Many were divided into age groups, which I figured awkward. Building a snowman is usually a group activity, it’s about families, all ages contribute. Kids run around trying to construct the starting ball, dads get the backbreaking task of rolling it up and taking half the grass and autumn leaves with it, while mums usually stay in the warm sourcing carrots and hats; it’s a communal experience for sure! Okay, I’m generalising for artistic license and know it’s not really like that, trying to be funny, when really, judging a snowman competition is snow joke (see what I did there?) But making a snowman has no boundaries or conditions, any age, and race and gender, everyone together, getting creative….
He made snow chicks, cats and dogs….
But part of the beauty of creating a snowman is the feeling of togetherness. Here is an art where anyone can be the artist, provided they’re willing to get wet gloves. And in that notion, where some strive to be original, often the traditional method is tried and tested. A good snowman doesn’t need to be carved by Henry Moore with flawless features; he needs a carrot for a nose, he needs two pebbles for eyes, twigs for arms and an old hat and scarf. We live in a traditional county, after all.
Then again, there’s something striking when creative genius gets to work and original ideas bend the theme. Some can be topical, facemasks a common theme this year, or culture based, whereas some can be funny, others damn-right rude….
Rudeness I can take, live by it; but at least drag yourself away from Babestation for a few minutes to get out and actually build a snowman, rather than, as some did, Google “rude snowman” and share the first image which pops up. Sad, but true, spoils it for the kids, of all ages.
Can I pick a winner?
Drum roll…… Tricky. I’ve narrowed it down to my ten favourites, and here they are. I apologise, I tried to source a snowman type of prize, but they’re a tad out of season and this was a spontaneous idea. I think a bit of future planning, for next year’s snow storm, being the idea was so popular, and we could have prizes. For now, winners can print off my certificate here, and a colour-me-in sheet, if they like that sort of thing! Thank you all so much for letting me see your brilliant snowmen, I loved looking at them all, having a penchant for snowmen, I admit unashamedly!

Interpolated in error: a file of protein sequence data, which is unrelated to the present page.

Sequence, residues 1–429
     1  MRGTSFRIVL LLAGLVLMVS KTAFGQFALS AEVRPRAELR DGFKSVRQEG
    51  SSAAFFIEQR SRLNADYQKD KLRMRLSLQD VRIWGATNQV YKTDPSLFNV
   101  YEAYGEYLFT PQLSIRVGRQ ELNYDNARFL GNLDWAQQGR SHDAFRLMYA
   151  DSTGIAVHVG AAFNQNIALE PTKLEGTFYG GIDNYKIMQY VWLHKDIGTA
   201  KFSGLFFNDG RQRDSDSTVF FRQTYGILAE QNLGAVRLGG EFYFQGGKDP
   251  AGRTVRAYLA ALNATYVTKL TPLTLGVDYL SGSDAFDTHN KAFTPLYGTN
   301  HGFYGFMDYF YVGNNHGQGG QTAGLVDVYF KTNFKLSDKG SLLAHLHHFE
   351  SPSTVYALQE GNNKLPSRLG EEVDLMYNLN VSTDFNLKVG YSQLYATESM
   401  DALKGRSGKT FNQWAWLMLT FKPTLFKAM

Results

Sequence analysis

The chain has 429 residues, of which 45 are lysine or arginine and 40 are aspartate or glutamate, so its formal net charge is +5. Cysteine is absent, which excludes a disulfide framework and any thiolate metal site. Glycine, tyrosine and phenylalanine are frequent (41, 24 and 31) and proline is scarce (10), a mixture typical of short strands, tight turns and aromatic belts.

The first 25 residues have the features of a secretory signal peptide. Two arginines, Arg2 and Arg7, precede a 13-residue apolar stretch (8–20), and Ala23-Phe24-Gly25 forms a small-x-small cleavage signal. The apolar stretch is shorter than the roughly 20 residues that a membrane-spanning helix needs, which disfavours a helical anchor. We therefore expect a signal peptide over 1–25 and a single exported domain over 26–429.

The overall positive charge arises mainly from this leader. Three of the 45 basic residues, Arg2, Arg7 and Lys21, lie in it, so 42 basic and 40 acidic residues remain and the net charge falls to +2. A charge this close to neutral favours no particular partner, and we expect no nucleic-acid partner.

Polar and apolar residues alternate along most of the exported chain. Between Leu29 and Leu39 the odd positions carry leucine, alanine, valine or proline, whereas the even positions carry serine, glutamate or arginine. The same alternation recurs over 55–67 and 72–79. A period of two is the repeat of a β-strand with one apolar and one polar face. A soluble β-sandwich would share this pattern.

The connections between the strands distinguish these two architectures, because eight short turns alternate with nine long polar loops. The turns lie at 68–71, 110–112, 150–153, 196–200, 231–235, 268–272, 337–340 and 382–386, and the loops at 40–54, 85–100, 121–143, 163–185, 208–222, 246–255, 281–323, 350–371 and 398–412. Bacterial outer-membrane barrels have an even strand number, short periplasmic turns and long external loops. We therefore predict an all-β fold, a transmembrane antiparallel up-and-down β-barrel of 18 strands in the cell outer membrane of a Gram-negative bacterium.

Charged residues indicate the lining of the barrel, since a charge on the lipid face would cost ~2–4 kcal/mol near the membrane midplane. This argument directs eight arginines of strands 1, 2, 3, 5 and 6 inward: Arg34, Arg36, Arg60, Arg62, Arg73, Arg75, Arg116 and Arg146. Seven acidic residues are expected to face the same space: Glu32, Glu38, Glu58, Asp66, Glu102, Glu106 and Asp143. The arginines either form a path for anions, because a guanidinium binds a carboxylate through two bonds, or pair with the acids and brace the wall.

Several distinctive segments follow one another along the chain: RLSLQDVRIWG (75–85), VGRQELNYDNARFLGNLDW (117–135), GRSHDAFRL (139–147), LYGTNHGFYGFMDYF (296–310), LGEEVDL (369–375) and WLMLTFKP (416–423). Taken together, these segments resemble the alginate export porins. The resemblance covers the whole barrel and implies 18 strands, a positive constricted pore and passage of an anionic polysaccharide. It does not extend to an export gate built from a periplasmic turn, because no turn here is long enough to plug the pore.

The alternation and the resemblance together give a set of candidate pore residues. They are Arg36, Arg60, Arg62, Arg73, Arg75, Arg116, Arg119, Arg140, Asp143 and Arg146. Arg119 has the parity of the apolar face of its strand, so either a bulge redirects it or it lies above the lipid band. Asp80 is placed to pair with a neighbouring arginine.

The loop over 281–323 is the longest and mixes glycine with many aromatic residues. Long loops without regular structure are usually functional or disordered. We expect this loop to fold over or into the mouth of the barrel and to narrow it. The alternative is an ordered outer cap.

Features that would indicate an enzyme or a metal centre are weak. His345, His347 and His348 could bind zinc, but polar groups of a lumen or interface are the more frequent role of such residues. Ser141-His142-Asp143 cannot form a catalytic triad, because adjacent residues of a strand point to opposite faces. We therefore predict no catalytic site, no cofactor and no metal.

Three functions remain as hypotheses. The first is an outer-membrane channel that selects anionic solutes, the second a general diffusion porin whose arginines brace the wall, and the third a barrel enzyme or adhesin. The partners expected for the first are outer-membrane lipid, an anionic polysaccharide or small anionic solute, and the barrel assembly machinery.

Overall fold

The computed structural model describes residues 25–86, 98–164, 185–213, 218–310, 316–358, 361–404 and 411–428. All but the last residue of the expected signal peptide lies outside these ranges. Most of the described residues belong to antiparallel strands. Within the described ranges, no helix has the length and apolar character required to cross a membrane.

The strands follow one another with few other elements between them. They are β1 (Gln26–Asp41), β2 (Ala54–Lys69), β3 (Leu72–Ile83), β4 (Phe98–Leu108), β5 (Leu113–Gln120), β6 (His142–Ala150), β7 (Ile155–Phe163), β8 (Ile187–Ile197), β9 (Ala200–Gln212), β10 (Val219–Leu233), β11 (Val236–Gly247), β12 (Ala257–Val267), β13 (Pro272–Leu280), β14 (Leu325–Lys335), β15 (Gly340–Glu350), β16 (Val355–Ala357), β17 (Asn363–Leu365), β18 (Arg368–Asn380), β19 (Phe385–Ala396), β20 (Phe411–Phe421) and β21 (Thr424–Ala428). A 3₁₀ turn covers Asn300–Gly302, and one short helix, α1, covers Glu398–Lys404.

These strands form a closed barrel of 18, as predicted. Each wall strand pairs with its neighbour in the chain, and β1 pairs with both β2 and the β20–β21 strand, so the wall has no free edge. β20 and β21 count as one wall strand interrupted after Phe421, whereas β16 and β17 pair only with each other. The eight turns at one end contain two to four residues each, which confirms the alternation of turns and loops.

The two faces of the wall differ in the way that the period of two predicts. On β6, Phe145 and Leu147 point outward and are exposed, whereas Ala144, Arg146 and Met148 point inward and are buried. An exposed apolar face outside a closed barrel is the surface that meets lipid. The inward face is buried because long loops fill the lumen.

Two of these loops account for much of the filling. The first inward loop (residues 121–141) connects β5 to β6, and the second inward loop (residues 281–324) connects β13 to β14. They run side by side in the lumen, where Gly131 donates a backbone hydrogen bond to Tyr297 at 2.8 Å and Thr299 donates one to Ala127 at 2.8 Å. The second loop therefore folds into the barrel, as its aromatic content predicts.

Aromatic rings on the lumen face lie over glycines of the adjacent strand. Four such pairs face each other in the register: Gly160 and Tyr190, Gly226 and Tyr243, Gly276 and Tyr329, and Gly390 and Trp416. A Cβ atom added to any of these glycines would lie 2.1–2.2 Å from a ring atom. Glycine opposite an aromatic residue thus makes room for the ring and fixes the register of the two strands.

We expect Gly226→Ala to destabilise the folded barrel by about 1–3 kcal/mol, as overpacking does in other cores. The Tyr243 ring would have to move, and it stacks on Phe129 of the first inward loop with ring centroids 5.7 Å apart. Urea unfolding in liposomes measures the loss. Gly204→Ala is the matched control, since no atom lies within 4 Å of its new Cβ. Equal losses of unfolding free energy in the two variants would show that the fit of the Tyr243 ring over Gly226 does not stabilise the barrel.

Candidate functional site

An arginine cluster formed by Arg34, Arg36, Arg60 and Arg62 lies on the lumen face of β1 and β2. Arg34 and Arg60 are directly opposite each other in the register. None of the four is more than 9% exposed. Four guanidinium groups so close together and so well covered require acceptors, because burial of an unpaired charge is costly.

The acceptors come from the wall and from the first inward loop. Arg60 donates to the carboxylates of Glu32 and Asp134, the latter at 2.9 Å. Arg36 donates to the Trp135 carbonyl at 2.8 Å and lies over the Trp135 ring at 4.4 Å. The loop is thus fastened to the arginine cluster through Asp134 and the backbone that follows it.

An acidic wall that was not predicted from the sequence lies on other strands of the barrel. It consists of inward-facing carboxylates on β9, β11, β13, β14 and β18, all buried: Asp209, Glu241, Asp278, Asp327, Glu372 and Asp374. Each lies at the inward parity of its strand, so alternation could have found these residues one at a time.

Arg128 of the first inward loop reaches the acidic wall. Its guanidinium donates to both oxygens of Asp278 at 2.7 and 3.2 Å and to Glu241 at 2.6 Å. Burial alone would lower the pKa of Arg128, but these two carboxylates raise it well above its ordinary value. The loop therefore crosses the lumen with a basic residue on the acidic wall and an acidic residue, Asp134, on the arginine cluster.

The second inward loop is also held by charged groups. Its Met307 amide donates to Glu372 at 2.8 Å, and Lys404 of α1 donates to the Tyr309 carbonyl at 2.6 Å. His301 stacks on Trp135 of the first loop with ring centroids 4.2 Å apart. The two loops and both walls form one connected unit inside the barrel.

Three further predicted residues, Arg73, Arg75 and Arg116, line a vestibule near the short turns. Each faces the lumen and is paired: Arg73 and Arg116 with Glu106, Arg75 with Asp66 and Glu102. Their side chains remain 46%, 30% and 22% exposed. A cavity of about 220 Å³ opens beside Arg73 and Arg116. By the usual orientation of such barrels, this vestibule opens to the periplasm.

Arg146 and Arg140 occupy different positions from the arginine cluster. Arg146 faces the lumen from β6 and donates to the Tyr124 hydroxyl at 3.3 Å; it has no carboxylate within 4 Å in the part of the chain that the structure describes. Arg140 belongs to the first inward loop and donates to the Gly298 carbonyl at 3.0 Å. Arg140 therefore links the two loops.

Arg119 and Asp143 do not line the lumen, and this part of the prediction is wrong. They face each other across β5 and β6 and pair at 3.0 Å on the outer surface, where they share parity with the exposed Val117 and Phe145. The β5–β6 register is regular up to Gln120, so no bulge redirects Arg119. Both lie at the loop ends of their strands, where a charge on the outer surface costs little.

Oh, and if you do colour them, I’d love to see your fine colouring skills!
Even portions of expressive contemporary pop, the ambience of post-goth and downtempo electric blues of trip hop makes this Staffordshire singer, Darla Jade really someone to watch. With a haunting uniqueness about her voice and style, there’s shards of Evanescence fused with Beth Orton. It’s somehow individually chartable but would also appease alternative rock or goth aficionados alike.
Subscribe to her YouTube channel, hear her own stamp on Radiohead’s Creep, and realise, her talent is so very special.
And that’s my song for the day. Very good. Carry on….
No video to this one. Do we need visuals? Not when it’s this good; my favourite track of Brighton-based contemporary ska heads, Dakka Skanks.
They’re lively, diverse, lots of fun, and I think we’ll be hearing a lot more from them in the near future.
If the Duallers have reached a pivotal point akin to the Specials, and Death of Guitar Pop are providing the tongue-in-cheek Madness equivalent, I believe these guys could be The Beat of this era, as there was a band unafraid to experiment.
Dakka Skanks are majorly ska, but throw a lovable but carefree punk attitude, and a wide range of other influences, such as soul, into the melting pot, and concoct something uniquely entertaining.
If I’d one criticism of Britpop, during its heyday, least that which the pop charts threw at us, was, in an era of progressing technological electronica, embedded deep in my psyche, Britpop, to me felt regressive. I argued at the time, if The Beatles were still together, in their prime, they’d be producing techno or drum n bass, for they were trailblazing, innovative and progressive. Whereas, picking on Oasis, particularly, being they seemed to strive to be a Beatles tribute as far as I could see, were relapsing to a previous generation.
Then the crossover crossed back over. If waning was a heady dawn of the nineties where rock fused electronica on the Madchester scene, towards the end of the decade The Prodigy were advancing with an almost punk slant, and Noel Gallagher was lending his vocals to the Chemical Brothers. To pick the era apart now is futile, no one remembers what the fuck was going on most of the time!
Let’s agree to disagree, put it in the past and note today, retrospection is big business, and there’s nothing wrong with songs which hark back to the sixties, for it was pioneering but more importantly, divine and inspiring. Particularly when, rather than regenerating cover songs, but acting as a base of inspiration. We see a lot of this; from the sixty’s British blues scene to bubble-gum pop, but perhaps not produced with as much passion as Skates & Wagons.